Daily Trust - The civil Servant who became a multi-billionaire (I)
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The civil Servant who became a multi-billionaire (I)

Only to die a pauper! But that is the climax. Let us begin, as our teacher used to say, from the beginning. Our meeting was a happenstance.

It was at an event on the University campus. He was invited to chair the occasion. He arrived on schedule. Expect nothing less from people imbued with grace; those who understand the full import of being Muslim; those who know that appointments with men are like appointment with the Almighty. Such people would not come to public functions behind schedule. They would not come late to social events. They dare not come late for Salat. As far as they are concerned, human life on earth, be it the sacred or the profane, are meant to be lived in full obeisance to His will.

Eventually, he entered the hallowed precinct of the central mosque incognito. I looked at him and beheld a combination of wisdom and experience. I looked at him and began to wonder how he had overcome the many trials and tribulations of life all of which had made a believer out of him. Human beings are usually presented with one of the two options: a short life on terrestrial earth or a longer one on mother earth. Now, if you come in contact with somebody who has spent close to seventy years in this world and as a Muslim, then you have a rare opportunity to learn what your teachers could not have taught you in your school. Knowledge is taught in schools; it is the Almighty who bestows wisdom. No matter your erudition, what life has taught the elderly is worth the pearls in the depth of the ocean.

Thus, something told me that I needed to be close to him.  I was fascinated by the way he carried himself. He was flat-bellied, healthy looking and athletic. What else do you expect of a man who follows the strict Islamic regimen: no alcoholism, no debauchery, no adultery, no gambling. He caught a personality which was built on simplicity. His mien gave a sense of a man who appreciated what divine grace meant. His eyes were sharp. His speech was unburdened.

Brethren, as soon as he took his seat, I took mine next to him and offer the usual salutation in Islam. He asked me to introduce myself. How might the pebble introduce itself to the desert? “Sir”, I began with some trepidations, “I am an entity fashioned from nothingness; I am an expirable subject fated to extinction”. By the time he introduced himself, I knew I had made the right decision.

Eventually we began to while away the time in expectation of the official commencement of the event. What better way could we have spent our time other than to ponder the imponderables in our circumstance as a nation. Alhaji had much to say. They always do; the elders usually have much to say. He was there before independence. He was there during the civil wars. He was opportuned to listen to General Yakubu Gowon who once said that the problem of Nigeria was not how to make money but how to spend it. He therefore went on to share one of the stories of that odious past with us. It was a story that is worth being shared with you, at least in storeys. It was a story of how some Nigerians collaborated to destroy the national patrimony in order that they might build their own economic empire. It is the story of how some Nigerians emerged as billionaires today though the very root of those billions is the plunder and pillage of our national wealth.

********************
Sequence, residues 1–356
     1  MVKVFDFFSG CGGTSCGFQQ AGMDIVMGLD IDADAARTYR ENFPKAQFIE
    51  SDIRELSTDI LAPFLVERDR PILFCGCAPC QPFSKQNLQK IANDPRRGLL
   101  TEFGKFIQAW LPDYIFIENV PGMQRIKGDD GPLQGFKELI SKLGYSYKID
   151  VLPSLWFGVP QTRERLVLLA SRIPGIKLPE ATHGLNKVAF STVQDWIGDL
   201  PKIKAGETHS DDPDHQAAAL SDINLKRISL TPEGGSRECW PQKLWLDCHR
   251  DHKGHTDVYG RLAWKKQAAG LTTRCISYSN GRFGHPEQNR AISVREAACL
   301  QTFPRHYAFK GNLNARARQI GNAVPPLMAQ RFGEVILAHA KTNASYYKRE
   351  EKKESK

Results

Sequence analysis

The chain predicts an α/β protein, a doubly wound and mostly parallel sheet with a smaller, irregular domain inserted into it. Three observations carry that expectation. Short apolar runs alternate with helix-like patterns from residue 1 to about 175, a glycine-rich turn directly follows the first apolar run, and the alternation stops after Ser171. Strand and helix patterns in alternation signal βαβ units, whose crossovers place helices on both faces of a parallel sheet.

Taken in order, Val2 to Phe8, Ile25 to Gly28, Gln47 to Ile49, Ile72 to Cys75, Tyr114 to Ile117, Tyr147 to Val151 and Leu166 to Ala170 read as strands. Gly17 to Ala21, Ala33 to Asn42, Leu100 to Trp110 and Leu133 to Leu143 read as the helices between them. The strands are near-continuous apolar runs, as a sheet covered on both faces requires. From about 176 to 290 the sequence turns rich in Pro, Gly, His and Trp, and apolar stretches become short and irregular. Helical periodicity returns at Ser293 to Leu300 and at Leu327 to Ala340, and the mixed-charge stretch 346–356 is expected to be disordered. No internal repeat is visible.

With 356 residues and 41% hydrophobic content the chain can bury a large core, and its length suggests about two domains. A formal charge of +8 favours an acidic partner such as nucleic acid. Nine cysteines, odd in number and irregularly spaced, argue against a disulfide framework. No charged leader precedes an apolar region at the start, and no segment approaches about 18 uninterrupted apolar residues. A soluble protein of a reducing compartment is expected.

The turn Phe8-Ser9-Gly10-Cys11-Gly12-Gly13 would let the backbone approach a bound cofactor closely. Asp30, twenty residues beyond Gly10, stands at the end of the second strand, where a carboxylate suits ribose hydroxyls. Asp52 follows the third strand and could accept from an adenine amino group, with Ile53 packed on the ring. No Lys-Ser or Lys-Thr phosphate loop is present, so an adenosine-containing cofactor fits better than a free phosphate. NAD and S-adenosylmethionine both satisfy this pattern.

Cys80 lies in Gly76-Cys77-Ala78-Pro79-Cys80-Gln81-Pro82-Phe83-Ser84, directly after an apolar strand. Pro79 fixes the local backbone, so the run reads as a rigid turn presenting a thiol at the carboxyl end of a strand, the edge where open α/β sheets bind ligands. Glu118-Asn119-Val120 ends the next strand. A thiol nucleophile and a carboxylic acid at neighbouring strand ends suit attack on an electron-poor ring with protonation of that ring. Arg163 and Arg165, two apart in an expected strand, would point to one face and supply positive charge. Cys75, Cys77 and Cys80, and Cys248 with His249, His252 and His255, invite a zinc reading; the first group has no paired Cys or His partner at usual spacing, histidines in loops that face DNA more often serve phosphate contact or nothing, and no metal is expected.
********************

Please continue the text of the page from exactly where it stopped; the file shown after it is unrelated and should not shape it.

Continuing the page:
Brethren, he was appointed secretary, over forty years ago, to one of the Federal Ministries in charge of economic affairs of this country. He was appointed after he passed a qualifying exam and sat for series of interviews. Those days are long gone. Days when Nigerian used to be employed not because they knew this Senator nor that Governor; those days appear gone- when graduates profited from their academic excellence; those days appear long gone- when integrity not perfidy nest at the core of our national value. Alhaj sat for the exam, was invited for an interview and was eventually offered an employment. He knew nobody ‘upstairs’ except the Almighty.

Now consequent upon his employment, he was given a number of schedules including the supervision of procurement of certain materials for the whole nation. Brethren, if Alhaji F had wanted to fraudulently become a multi-billionaire, he would have achieved that through the privileged position he occupied. But that would have meant an infraction of the divine rule. Alhaj knew with certainty that wealth illegally acquired by men shall not  profit them here on earth nor in the hereafter. Thus he chose to live within his means. He swore to remain incorruptible. He opted to prevent corruptible actions even from among his superiors.